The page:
Quick Hitters: Buzzworthy Tracks

Although my taste has evolved over the years, I will always have a place in my collection for the artists that made me feel alive. Good music that gets me excited or instantly gets me up and moving is not easy to come by. And while I strongly feel that indie rock is the most intricate, well-written music  available on the market, it is not a genre you go to to get pumped up. A much better style is energy infused rock that, if pulled off correctly, takes you for a trip and makes for memorable moments in life (Just discovering them is an experience all in itself)). However, a lot of bands fail at this and the final product is just some hard rock garbage that has been done a dozen times before. Bands like Nirvana, Silverchair, and Collective Soul would be the ones I consider the best at creating this type of high energy in their rock. Other groups like Linkin Park and Chevelle are near misses. While they do produce songs that are heavy and carry lots of emotion, they generally lack that higher level of complexity and songwriting that the better ones possess.

But the whole point of this blog is to expose you to the songs/artists you may have missed at some point along the way. So I will not be posting any Nirvana today; although if you can’t get psyched up after listening to “Breed” with the volume cranked, I would start worrying because there’s a good chance you don’t have a pulse. This first offering is from a group that most people have likely never heard of. Their name is The Exies and they have produced a few albums in their run over the last decade. I first heard this song on guitar hero, coincidentally. Since guitar hero is not a place I would look to find new music (not to say that no video games contain original quality tunes, because they do), “Hey You” was a rather nice discovery. I had heard their other hit “Ugly” and was never a huge fan of it. Too defensive and ho-hum for me. “Hey You” I liked from the beginning. It’s starts out with a subtle guitar line and escalates into a catchy riff. The song gets very interesting at the bridge (@0:29) and gets chaotic and grungey at 0:38. Then all of sudden the song goes into a different, exciting direction for the chorus. It contains a serviceable guitar solo but I think the strong point of the song is how well it harnesses and releases the high energy that is prevalent throughout the whole song. Frontman Scott Stevens vocals are smooth and while I think he over-sings in some of their other songs, he keeps it in check here which goes along with the flow of it all…that of a just a straight up cool tune.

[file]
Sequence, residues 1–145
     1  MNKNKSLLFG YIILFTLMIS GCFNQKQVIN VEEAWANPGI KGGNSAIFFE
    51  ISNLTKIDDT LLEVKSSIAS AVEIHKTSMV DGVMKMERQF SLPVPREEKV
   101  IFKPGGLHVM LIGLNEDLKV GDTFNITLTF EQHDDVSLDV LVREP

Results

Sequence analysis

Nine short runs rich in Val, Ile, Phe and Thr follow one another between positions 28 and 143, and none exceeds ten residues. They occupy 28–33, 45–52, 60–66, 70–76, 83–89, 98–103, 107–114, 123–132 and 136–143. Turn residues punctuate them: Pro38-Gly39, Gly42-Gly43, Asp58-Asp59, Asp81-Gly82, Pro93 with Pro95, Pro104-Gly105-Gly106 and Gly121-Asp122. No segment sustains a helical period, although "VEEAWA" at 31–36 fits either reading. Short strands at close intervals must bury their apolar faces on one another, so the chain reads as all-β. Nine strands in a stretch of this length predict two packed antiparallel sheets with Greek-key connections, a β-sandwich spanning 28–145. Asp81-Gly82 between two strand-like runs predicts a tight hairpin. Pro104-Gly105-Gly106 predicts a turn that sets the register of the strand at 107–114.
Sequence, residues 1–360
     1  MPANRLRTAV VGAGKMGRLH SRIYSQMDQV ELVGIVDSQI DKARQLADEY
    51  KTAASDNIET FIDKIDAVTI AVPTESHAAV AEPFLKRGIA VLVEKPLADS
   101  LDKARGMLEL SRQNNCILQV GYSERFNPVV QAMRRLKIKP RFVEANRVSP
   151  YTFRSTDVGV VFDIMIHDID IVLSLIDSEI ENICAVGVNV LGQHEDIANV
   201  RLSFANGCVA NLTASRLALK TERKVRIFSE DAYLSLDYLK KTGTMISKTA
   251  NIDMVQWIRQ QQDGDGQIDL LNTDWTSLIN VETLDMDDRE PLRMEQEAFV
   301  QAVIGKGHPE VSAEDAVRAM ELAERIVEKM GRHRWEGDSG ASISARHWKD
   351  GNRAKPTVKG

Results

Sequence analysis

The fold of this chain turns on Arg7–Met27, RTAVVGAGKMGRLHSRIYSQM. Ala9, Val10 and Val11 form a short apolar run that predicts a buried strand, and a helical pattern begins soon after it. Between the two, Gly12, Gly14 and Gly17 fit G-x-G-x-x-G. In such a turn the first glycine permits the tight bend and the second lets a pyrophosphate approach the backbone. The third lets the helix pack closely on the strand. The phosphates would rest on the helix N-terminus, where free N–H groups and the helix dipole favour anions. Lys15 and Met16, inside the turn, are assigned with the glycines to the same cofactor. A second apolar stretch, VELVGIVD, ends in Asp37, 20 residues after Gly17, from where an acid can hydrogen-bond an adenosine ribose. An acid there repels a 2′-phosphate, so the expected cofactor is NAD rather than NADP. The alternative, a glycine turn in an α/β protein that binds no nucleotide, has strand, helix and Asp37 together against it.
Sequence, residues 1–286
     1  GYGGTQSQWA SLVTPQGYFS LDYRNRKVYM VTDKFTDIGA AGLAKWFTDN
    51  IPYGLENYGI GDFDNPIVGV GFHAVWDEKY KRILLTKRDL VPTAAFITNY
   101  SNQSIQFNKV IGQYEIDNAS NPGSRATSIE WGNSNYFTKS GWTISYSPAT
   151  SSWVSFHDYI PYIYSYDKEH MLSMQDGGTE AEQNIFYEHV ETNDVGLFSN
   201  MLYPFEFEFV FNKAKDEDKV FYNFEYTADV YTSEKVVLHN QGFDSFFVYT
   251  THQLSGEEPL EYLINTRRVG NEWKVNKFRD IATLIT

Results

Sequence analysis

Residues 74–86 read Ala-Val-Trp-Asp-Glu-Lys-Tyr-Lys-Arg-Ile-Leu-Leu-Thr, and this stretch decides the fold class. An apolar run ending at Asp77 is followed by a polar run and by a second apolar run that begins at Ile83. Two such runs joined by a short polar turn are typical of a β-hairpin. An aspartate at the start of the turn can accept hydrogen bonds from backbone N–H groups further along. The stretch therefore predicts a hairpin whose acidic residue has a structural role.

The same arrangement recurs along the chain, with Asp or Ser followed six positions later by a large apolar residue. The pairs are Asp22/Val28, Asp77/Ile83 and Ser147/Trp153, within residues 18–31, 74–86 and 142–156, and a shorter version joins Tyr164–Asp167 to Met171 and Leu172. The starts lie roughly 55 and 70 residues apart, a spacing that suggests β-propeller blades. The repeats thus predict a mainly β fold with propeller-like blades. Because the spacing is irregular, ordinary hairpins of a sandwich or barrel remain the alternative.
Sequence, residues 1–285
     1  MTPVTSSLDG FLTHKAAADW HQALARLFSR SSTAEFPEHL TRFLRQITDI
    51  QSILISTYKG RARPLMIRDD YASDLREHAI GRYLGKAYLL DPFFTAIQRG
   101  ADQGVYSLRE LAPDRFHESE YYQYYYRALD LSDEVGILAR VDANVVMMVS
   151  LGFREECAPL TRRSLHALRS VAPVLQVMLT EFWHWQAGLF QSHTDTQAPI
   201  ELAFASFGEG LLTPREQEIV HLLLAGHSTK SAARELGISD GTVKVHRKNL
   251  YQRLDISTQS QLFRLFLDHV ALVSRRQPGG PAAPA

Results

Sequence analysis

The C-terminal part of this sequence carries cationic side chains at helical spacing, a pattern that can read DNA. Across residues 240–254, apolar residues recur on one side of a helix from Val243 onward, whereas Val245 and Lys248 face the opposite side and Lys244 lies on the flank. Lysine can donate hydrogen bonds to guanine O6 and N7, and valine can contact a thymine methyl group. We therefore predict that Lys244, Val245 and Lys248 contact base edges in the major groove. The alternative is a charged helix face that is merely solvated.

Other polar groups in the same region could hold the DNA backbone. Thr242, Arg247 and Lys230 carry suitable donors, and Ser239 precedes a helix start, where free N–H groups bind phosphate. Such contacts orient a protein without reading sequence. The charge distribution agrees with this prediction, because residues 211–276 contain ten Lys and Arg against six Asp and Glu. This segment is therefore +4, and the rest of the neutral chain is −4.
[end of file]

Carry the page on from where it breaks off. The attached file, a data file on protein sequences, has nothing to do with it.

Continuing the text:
I simply cannot get enough of Richard Patrick’s ongoing project Filter. Unlike most hard rock groups, I find them to be listenable. Patrick’s anger (which I normally only like in small amounts) is expressed so well and his song writing talent is the main factor in that. He may not be quite as bad-ass as his brother, Robert (see here for example), but his body of work speaks for itself. Filter is a tricky group to classify. They are harder than almost all alternative groups but are so much better than most hard rock line-ups. They have been labeled industrial rock before but Patrick has dissuaded that as many of their songs do not have an industrial sound to them whatsoever. “Heavy alternative” would be the closest tag I could place on them.

Along with liking their music about as much as humanely fucking possible, I’ve always enjoyed the theme’s behind Filter’s album artwork

The song I have posted is “Take Another”. It is one of several raw, gritty tracks available on Short Bus. And in my opinion, it is the best right up there with “Dose”.  It starts out with some sad, almost indecipherable lyrics and quickly picks up shortly after (@0:42). After looking at the lyrics, it appears to me that Patrick is expressing his remorse or regret for some happening yet he is not able to discontinue going back for more. I’ve never really understood the meaning all that well. The strength of this song lies in Patrick’s vocal range and the guitars during the chorus (@2:29). Together they create a angst-driven, heavy aura that I find to be brilliant. Fortunately for me and many others, this was just the beginning of something great.

Probably the most poppy of out of these three by far would be the next track. It is “Hunting for Witches” by Bloc Party. If you’re not familiar with Bloc Party. they’re an English indie group that produced their first album back in 2005. They feature a nice blend of punk, electronic, and indie influences. This track is off their ’07 release A Weekend in the City. The reason I think it connects to the previous tracks is because of the fast paced, energetic flow that the song carries. It’s much softer than the other two but it’s more unique and crafty. It contains a clumsy, yet  intriguing intro and outro with some very scrambled audio . The guitar carries a funky guitar riff that almost seems to whine at you until the chorus where the rhythm guitar joins nicely (@1:14)and climaxes @1:23. This song also holds some fun lyrics. Kele, the leas vocalist, describes his need to prey on this long feared supernatural force. Perhaps the “witches” represent some form of symbolism but some of the lyrics appear to sound more literal which makes me think otherwise. My favorite set of lyrics wold easily be  ” I was sitting, on the roof of my house, with a shotgun…
And a six-pack of beer,” If that’s all witch-hunting entails, sign me up! Nobody’s gonna fuck with a guy in that position, not even the ghastliest of enchantresses…

Ewww…wouldn’t want to get mixed up with them. Except Sarah Jessica Parker, who I think appears more attractive as a witch in this movie than she does in real life.

All joking aside, enjoy “Hunting for Witches”